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John L. Smith On The Supreme Court Decision To Allow Sports Betting In Every State

The Supreme Court on Monday struck down a federal law that barred gambling on football, basketball, baseball and other sports in most states, giving states the go-ahead to legalize betting on sports.

The law known as PASPA, which stands for Professional and Amateur Sports Protection Act, stopped states from legalizing sports betting. Nevada was the only state where it was completely legal.

New Jersey brought the case to the Supreme Court after it tried to pass a law allowing betting on sports.

Casinos and sports betting operators in Nevada are sure to be thrilled with the change. MGM Resorts International CEO Jim Murren said in an earnings call last month the company would be ready to take advantage -- if the court ruled to sweep away PASPA. 

"It's an interesting sea change," State of Nevada contributor John L. Smith said, "Sports betting was really the last pariah interest in the gambling industry."

He said many High Court observers predicted the court was going to rule in New Jersey's favor after hearings on the case in December. The problem was the law was not fair to all the states because it allowed Nevada to be grandfathered in.

The ruling allows Congress to take up the topic of regulating sports betting but it can't single out states.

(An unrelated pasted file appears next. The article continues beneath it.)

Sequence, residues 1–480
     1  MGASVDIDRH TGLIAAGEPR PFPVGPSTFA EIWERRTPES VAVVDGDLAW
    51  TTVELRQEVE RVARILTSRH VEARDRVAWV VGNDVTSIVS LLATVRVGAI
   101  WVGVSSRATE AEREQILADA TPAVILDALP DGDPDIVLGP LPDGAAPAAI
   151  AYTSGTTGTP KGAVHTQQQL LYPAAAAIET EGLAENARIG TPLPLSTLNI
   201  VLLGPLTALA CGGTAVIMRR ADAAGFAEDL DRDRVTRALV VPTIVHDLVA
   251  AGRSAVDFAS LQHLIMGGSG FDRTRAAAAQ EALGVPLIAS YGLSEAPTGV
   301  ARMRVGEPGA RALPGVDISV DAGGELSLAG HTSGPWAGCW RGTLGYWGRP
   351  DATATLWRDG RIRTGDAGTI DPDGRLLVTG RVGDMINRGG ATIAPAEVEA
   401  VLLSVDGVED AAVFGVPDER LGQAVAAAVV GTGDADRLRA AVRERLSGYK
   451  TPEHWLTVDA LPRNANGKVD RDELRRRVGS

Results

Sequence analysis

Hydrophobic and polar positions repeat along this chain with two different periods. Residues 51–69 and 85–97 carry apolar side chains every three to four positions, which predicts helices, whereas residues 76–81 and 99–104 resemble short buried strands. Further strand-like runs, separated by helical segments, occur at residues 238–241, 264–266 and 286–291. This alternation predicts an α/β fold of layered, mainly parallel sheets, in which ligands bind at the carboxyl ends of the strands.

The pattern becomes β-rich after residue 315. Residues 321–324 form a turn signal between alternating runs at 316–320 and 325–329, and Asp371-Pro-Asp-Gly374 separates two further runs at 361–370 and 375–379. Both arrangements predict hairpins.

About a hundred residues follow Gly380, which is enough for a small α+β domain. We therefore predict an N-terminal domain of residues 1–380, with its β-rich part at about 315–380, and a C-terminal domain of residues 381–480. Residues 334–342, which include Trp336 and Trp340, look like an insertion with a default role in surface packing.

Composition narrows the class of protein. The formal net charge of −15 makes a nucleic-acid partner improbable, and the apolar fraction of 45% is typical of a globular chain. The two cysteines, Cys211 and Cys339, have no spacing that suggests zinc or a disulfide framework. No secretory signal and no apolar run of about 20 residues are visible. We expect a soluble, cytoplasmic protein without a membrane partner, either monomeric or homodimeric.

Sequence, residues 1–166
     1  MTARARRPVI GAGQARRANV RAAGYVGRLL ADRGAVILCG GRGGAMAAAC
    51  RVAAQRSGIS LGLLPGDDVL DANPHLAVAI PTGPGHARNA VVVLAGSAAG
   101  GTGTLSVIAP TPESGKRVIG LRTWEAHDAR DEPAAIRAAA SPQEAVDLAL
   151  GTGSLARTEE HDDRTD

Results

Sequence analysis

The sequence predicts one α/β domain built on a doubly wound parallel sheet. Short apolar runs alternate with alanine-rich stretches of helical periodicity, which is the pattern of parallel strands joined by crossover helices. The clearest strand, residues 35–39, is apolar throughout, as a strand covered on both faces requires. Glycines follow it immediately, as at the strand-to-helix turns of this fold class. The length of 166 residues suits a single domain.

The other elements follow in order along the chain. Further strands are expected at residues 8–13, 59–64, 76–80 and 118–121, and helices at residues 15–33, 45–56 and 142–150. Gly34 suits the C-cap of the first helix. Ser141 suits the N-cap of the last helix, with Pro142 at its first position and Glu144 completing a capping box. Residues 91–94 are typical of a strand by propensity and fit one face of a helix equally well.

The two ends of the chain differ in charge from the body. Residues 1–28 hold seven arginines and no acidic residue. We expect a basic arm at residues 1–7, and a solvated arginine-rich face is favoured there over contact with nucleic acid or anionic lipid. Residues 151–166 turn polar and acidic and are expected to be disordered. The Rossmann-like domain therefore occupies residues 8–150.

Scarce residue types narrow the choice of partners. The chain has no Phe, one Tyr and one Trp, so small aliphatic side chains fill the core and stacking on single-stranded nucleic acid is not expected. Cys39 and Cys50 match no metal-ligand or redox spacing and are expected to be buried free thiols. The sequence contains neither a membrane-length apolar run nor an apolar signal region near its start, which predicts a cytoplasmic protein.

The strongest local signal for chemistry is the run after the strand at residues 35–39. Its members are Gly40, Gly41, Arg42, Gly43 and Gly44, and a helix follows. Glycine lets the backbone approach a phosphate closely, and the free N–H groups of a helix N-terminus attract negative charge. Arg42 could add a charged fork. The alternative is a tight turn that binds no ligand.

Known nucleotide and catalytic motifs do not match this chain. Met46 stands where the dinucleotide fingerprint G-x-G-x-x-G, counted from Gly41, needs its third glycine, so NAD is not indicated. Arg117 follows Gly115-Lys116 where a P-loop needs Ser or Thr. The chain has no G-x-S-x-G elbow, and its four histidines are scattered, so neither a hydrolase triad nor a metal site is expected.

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So what does the ruling mean for Nevada's near-monopoly?

When states around the country started to allow gambling and Native American tribes started to create casinos on reservations, many people were concerned it would hurt Nevada.

However, not only did the change not hurt Nevada, it introduced casino-style gambling to more people and helped casino companies' bottom lines.

Smith believes the same thing will happen with sports betting when states start allowing it.

"I think -- first of all -- if those states are wise they'll probably rely on a lot hard-won experience and professionalism that Nevada's sportsbook industry offers the customer," he said.

Smith said sportsbooks aren't the place to drop a couple of bucks on a team to win anymore. They now offer more of a festive atmosphere, turning big sporting events like the Super Bowl and March Madness into Mardi Gras.

The country has changed -- a lot -- since PASPA was first passed and signed into law, Smith said.

"What's happening really are a few things. One is America is a lot more like Las Vegas. A lot of gambling is legalized now […] whether that's America growing up or America losing its way -- you can pick 'em," he said.

Cities and states see a way to bring the billions of dollars spent on illegal sports betting into the tax base and leagues see a chance to build excitement and interest, Smith said.

The American Gaming Association estimates that Americans illegally wager about $150 billion on sports each year, and one research firm estimated before the ruling that if the Supreme Court were to strike down the law, 32 states would likely offer sports betting within five years.

Guests

John L. Smith, contributor

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